Andrea James

The time of doing is short

Many interests fill my life, but whenever people ask me what I do, I always say “I write stuff.” Depending on their response to that, I might share specifics. If I don’t feel like getting into it, I just say “internet stuff.” They typically recoil in horror, which usually stops that line of inquiry right then and there, so we can talk about more interesting topics.

I’ve made a living as a writer since I ran with arms flailing from graduate school. Not my idea of a good time. Uptight neurotic folks who took themselves way too seriously. I had sweat-soaked nightmares about getting shipped off to some tiny school in the middle of nowhere and having to teach for the rest of my days with several randomly selected classmates. A few would have been great, but most would have been unbearable, like Gilligan’s Island with black turtlenecks, drab shoes, and/or clove cigarettes. So, I did a little stint at a media company, then went into advertising. I had always loved the ads more than the shows as a child, and I’d marvel at how ads got people to do things. The fascination of the abomination, as Conrad put it.

Doing things. That’s what it all comes down to, really. What do you want to do while you are here? That’s what finally prompted me to move to LA. Everyone in advertising wants to be a painter or a director, but advertising is commercial art, heavy on the commercial, light on the art. Most people end up doing side projects to get them through. Still, it’s hard to come home after grinding out a million cereal ad ideas and then work on a creative project of your own. I could feel the days slipping by. I’d not work on my own stuff for long periods. I was always haunted by Samuel Johnson’s ghost.

I wrote my master’s thesis on Samuel Johnson. An amazing guy. No matter what he accomplished, and he accomplished more than nearly any writer in English literature, he was tortured by a sense that he should be doing more. One of his most vexatious shortcomings in Johnson’s mind was the ease with which his friend and biographer James Boswell could effortlessly keep a regular journal. Each year, Johnson would try on key dates, but he just couldn’t do it. Here’s an excerpt from a typical entry:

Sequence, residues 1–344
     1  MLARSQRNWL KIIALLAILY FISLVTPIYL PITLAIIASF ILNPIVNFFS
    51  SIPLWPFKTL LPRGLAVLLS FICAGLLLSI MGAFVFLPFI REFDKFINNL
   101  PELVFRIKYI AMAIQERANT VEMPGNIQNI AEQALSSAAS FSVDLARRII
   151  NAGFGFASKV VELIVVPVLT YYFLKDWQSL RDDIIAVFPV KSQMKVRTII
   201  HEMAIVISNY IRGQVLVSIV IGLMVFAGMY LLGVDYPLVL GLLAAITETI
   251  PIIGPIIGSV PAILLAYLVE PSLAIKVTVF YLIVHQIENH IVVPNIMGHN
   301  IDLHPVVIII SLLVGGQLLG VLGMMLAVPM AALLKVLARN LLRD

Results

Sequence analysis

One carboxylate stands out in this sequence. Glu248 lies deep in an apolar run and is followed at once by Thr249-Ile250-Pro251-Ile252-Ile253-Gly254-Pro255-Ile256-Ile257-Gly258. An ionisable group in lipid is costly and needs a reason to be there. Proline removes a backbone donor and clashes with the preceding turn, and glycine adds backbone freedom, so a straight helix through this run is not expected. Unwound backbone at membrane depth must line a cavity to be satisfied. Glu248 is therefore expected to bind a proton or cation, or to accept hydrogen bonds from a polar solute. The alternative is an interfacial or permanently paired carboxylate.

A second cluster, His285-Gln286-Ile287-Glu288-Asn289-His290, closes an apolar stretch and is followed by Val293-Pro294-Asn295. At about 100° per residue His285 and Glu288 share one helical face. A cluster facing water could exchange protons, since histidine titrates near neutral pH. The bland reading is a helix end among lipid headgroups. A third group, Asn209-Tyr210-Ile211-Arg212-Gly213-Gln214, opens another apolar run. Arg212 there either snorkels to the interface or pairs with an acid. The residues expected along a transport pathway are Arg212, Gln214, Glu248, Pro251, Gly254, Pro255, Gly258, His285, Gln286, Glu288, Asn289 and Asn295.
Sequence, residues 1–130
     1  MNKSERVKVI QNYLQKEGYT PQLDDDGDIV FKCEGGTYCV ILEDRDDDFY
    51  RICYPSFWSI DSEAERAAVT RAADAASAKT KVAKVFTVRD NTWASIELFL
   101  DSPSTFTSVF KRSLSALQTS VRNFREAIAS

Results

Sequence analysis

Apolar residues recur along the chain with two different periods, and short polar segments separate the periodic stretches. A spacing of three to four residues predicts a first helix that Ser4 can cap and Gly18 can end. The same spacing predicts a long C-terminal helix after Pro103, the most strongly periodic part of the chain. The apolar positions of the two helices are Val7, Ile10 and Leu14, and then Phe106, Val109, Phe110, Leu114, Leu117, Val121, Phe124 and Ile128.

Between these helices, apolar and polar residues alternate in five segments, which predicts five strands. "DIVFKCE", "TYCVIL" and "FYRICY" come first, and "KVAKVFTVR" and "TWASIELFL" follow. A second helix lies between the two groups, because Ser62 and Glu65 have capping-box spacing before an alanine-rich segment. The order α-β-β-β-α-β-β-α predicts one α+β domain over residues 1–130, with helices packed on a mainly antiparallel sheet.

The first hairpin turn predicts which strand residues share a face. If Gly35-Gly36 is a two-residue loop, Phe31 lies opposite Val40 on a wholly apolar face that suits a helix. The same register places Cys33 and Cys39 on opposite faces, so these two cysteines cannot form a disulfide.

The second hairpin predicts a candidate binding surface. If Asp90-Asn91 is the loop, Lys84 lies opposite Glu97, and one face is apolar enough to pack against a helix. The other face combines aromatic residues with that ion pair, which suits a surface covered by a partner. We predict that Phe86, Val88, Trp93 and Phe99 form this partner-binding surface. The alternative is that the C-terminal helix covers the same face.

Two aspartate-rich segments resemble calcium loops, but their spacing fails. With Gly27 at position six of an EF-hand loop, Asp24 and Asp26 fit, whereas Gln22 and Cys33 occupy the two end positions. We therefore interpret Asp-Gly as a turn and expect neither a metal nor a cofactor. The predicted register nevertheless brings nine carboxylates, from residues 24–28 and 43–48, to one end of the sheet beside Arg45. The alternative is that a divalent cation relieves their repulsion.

I have now spent 55 years in resolving; having from the earliest time almost that I can remember, been forming schemes of a better life. I have done nothing; the need of doing therefore is pressing, since the time of doing is short.

This from the man who singlehandedly wrote the most in-depth English dictionary to date, wrote weekly essays, wrote a novella, and was probably the greatest conversationalist of all time. I know that my own attempts at journaling will probably suffer the same fate as Dr Johnson’s, so I’m going into it with modest expectations. I’m going to do mine in public, which I hope will shame me into regular entries. I plan to write about pop culture detritus and internet ephemera and other stupid junk, with an occasional foray into thoughtfulness. One vexing thing about the work I’ve done is that I’ve given the impression that I am kind and sincere because I genuinely enjoy helping people above all things in this world. Still, I am very sarcastic and don’t take much of anything seriously. The only things I truly hate are betrayal and fraud, and I tend to go after quacks, kooks and criminals with reckless abandon.

I have a couple of cool projects in the works right now, which prompted me to blow the dust off this personal site and revive it a bit. So, check in now and then, and I promise I will try to make it worth your while. Especially if you don’t take things too seriously. And whatever you love, whatever brings you joy in the world, spend more time doing it. Call a loved one. Go to a restaurant you’ve never tried. Create something. Make someone smile. Take a lesson. Take a risk. Have a better life, however you define that. And listen to Dr Johnson, for his words are wise and true.

The time of doing is short.

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